One day in 1946, he was experimenting with a magnetron, an electronic device that emits microwaves. While sitting next to the magnetron, Spencer felt a warm, moist sensation in his pocket - a peanut snack bar had melted. Immediately, he realised that microwaves might have the potential to cook food. He sent for some popcorn kernels, placed them next to the magnetron, and then watched as they popped. The next day he experimented with an egg, which began to quiver as the heat and pressure built up inside. When a colleague leant forward to take a closer look, there was an explosion, and he literally ended up with egg on his face. The first commercial microwave oven was sold just one year later.
Microwaves have continued to have a serendipitous history, as illustrated by the story of the British engineer Bill Lucas, who made the fortuitous mistake of letting his tea go cold. He popped his cup in the microwave, with cat-astrophic results. Sparks danced wildly around the cup, because it had a gold rim. As most people know, you should never put metal in a microwave oven, since the sparking can be dangerous to the user and damaging to the oven.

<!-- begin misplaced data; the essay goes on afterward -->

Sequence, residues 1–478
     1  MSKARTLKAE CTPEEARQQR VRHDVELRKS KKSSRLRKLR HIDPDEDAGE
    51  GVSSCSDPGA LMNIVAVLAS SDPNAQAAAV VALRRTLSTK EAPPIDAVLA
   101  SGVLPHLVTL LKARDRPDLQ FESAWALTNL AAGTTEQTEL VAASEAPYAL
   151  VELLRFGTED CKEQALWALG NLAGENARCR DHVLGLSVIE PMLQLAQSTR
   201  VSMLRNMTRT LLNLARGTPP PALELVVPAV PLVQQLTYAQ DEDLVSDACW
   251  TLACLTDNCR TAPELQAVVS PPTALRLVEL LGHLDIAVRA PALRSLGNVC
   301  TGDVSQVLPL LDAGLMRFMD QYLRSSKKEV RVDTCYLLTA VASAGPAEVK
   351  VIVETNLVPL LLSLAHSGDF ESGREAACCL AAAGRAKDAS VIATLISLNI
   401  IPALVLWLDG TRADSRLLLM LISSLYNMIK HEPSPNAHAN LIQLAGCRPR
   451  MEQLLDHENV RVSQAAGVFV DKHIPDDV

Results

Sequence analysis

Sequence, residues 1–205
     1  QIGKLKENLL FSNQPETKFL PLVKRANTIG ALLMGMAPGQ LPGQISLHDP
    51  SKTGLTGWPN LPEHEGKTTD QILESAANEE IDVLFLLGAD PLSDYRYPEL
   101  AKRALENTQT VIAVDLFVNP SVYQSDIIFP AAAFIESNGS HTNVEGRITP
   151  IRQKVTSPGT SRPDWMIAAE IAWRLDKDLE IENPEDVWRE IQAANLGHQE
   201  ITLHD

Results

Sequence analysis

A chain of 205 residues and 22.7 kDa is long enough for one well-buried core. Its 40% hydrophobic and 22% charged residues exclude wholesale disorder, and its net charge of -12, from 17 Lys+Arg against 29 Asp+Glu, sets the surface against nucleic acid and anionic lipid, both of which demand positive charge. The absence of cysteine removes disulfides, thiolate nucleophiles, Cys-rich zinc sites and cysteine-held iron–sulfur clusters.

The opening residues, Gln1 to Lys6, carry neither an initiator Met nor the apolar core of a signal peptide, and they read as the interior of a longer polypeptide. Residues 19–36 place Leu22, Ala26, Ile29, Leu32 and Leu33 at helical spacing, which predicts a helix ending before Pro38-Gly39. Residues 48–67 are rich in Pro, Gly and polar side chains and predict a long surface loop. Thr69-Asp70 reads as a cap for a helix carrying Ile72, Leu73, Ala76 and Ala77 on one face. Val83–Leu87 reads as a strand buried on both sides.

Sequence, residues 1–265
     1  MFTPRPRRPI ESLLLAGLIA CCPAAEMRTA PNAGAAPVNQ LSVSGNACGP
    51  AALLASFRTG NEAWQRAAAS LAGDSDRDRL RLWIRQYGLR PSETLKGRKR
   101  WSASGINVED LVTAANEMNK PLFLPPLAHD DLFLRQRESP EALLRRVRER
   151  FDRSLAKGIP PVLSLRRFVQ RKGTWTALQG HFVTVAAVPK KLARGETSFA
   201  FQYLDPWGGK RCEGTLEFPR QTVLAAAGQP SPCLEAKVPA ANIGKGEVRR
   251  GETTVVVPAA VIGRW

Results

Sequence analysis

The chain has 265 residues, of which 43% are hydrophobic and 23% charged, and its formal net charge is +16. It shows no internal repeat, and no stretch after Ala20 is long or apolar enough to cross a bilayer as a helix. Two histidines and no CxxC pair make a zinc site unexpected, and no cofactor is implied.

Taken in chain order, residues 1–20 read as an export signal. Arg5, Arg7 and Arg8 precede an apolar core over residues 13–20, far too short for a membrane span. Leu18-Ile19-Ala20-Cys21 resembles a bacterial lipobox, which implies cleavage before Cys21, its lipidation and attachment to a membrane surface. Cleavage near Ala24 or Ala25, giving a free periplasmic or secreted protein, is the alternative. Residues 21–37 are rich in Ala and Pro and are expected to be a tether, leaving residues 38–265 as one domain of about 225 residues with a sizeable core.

Lucas worked at The Welding Institute near Cambridge, and wondered if the sparks that he had witnessed could be harnessed for welding. Metal effectively focuses microwaves, just as a glass lens focuses light, and it was not long before he had constructed a microwave welding machine. The advantage of his prototype was the machine's efficiency, because just as microwave cookers use less energy than conventional cookers, microwave welding seems to use less energy than conventional welding.
I first came across Bill Lucas when he appeared on Tomorrow's World back in 1992, successfully demonstrating his prototype microwave welder live in the studio. Contrary to the popular myth, his invention did not sink without trace, but has since gone from strength to strength. When I spoke to Bill last week, he told me that a German company, Widos, is now manufacturing and selling microwave welding systems.
Simon Singh is the author of 'The Code Book - the Science of Secrecy from Ancient Egypt to Quantum Cryptography', Fourth Estate, pounds 16.99